of the party — where they were killed. Ma-
ny of Ensign Liggett's friends are still living
in Kentucky.

The annoyance from the enemy greatly
retarded our movements, as it was impossible,
with any degree of certainty, to ascertain
either their situation or force. In crossing
the river, however, thetr whole movements
were discovered. The British, with their

S atiiehton's narrative.

artillery from Detroit, and a large party of
Indians, v/ere progressing towards Fort
Wayne. After engaging our spies, and an-
noying our advanced guard, they faced to
the right about and retreated precipitately.
Owing to the situation of the army (being
short of provisions) it was impossible, by
forced marches, to intercept them. At this
time Captain Bland Ballard showed his skill
in Indian fighting, by making good his re-
treat, for which he deserves much. His Lieu-
tenant, Munday, who had parted with him
in the morning, also efiected a retreat, by
charging upon the Indians, before they ascer-
tained his numbers, and then dashing into'
camp. The next day our spies had an ac-
tion — had one wounded — and saw sev-
eral Indians fall. The day following the In-
dians shovv^ed in front of the spies, and snap-
ped at one of oar men — a fire ^vas returned,
v/hich left blood the Indians stood.
The Indian spies were on horse back, which
rendered it difficult to ascertain their situa-
tion. Our spies could not, v/ith propriety,
venture far from us, and we could not ad-
vance unli! the country was reconnoitered,
consequently our march was slow. A short
turn to the right, however, and crossing the


river at an unexpected place, gave us the ad-
vantage. After crossing the river we saw
that the enemy had artillery, and were ahead
of us. We were now within six miles of
Defiance. It was very bushy for more than
a mile before we approached the fort. The
army remained at camp that morning, and
sent out spies in every direction ; w^hen they
returned, they reported that the enemy had
gone off down the river. It was tlien deem-
ed inexpedient to move so late in the after-
noon. It was supposed there were from one
to two hundred British, with from two to five
pieces of cannon, and from four to six hun-
dred Indians. The artillery was certainly
brought up by water to this place, and re-
embarked here again. Their (jbject must
have been Fort Wayne.

By this time we became very scarce of
provisions, having nothing for some days but
the poorest beef. Some of the men began
to murmer — and some went so far as to talk
of returning home — but when this was
known by the officers, measures were taken
to put a stop to it. Colonel Allen, in an ani-
mated and encouraging address to his men,
banished the idea of shrinking in the day of
adversity. Captain Simpson, also, was not

10 atherton's narrative.

unemployed. This was the first time we
had sensibly felt the want of bread.

General Harrison returned to the army on
the second of October. We were greatly
animated at seeins; him amons^ us once more.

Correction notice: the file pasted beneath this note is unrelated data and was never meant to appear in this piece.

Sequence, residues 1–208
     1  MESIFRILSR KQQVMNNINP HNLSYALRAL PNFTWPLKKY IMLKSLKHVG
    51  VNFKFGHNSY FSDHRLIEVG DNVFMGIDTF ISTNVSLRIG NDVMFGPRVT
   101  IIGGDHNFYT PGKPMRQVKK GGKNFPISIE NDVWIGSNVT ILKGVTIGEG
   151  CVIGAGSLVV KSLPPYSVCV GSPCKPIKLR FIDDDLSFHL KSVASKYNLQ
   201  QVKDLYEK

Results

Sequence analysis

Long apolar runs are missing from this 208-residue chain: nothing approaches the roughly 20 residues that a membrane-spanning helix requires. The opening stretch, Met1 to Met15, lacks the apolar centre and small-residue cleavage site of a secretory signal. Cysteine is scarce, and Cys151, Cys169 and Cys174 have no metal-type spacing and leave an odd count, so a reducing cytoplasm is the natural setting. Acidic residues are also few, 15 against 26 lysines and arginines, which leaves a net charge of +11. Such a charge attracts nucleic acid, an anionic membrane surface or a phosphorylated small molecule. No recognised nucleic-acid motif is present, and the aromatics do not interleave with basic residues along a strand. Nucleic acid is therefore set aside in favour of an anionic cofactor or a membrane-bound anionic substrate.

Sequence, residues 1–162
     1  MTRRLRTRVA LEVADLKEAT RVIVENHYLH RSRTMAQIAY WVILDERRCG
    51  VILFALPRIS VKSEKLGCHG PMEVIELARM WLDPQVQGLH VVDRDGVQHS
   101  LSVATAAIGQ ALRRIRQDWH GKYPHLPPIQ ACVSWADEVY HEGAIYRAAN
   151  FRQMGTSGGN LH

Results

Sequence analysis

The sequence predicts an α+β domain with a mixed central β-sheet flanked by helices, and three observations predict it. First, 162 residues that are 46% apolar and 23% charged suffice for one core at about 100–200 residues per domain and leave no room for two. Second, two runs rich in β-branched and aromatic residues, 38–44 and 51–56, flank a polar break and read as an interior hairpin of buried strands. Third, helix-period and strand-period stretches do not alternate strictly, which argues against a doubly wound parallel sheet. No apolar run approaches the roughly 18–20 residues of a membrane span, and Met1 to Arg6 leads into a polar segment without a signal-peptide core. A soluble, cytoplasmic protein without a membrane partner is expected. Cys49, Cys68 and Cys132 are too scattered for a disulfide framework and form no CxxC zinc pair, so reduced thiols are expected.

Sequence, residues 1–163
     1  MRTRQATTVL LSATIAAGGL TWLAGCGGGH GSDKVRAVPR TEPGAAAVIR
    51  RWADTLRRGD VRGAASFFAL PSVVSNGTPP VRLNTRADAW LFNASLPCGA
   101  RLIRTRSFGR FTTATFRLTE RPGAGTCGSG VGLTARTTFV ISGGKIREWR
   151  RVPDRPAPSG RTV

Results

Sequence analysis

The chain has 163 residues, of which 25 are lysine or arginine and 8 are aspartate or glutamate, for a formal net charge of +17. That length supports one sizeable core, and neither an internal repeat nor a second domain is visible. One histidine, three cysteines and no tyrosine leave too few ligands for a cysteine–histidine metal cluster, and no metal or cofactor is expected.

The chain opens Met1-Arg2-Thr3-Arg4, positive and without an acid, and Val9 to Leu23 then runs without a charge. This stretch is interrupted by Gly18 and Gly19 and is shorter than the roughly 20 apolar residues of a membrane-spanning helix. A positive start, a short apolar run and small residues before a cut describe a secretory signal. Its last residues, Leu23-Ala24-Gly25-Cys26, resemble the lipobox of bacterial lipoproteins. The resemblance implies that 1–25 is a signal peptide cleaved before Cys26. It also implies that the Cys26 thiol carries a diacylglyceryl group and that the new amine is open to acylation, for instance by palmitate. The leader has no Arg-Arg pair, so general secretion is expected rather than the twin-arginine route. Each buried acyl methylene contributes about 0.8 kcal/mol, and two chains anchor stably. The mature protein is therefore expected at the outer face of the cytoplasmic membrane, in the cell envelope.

He addressed the whole army in a most thril-
ling speech, which kindled in the breasts of
the men, crenerallv, an increased desire to
meet the enemy, and a willingness to endure
any priA'ations they might be called to suffer.
He remained with us but a short time.

The enemv havinsr retreated before us in
every direction, leaving us an extensive ter-
ritory to occupy; our object then was to es-
tablish a chain of fortified posts, in order to
facilitate the supplies necessary for a speedy
invasion of Upper Canada. Notwithstanding
we were in the enemv's countrv, where Indian
spies were seen almost every day, yet it was
impossible to keep the men from imprudently
hazardintr their lives! Shortlv after our ar-
rival at Fort Defiance, five of our men, who
had been out gathering plums, were found
scalped. About this time Captain Garrard's
troop of horse, and another company, met a
scouting party of Indians and routed them.
One of our militia was killed and another
wounded. In consequence of this informa-

atiierton's narrative. 11

tion, General Harrison marched the whole of
his army from St. Mary's to Defiance. Gen-
eral Harrison had heard from General Kelso,
who commanded a detachment of troops on
lake Erie, that two thousand Indians and
some regulars with seveml pieces of artillery,
had left Maiden on an expedition against Fort
Wayne ! This news, with other exaggera-
ted accounts, induced the belief that General
Winchester was likely to be defeated. As
before stated, all the forces at St. Mary's
were put in motion, but before they reached
Defiance information of the enemy's retreat
was received.

Before General Harrison left Defiance, he
selected a situation for a new fort. A party
of men was detailed to procure timber for
the buildings. General Winchester, also,
moved his camp from the Miami to the Au-
glaize river.

The command of the left Avas now con-
fided to General Winchester, who was in-
structed to occupy the rapids as soon as pos-
sible for the purpose of securing a quantity
of corn which had been raised by the inhab-

Before General Harrison left, he ordered
General Tupper to take all his mounted men

12 atherton's narrative.

and proceed down the Miami as far as the
Rapids. When this order was issued, Gen-
eral Tapper's command was immediately sup-
plied with provision for eight days, which in-
cluded all the flour in camp. About 12 o'-
clock next day a party of Indians fired on the
men immediately on the opposite bank of the
Miami, one of whom they killed, scalped,
and then fled ! This, for a moment, produced
alarm, and the troops were formed in order
of battle. Presently small parties of horse-
men began to cross the river in pursuit of
the enemy. The horses were mostly at grass,
and as soon as they could be caught the own-
ers engaged in the pursuit. Eight or ten par-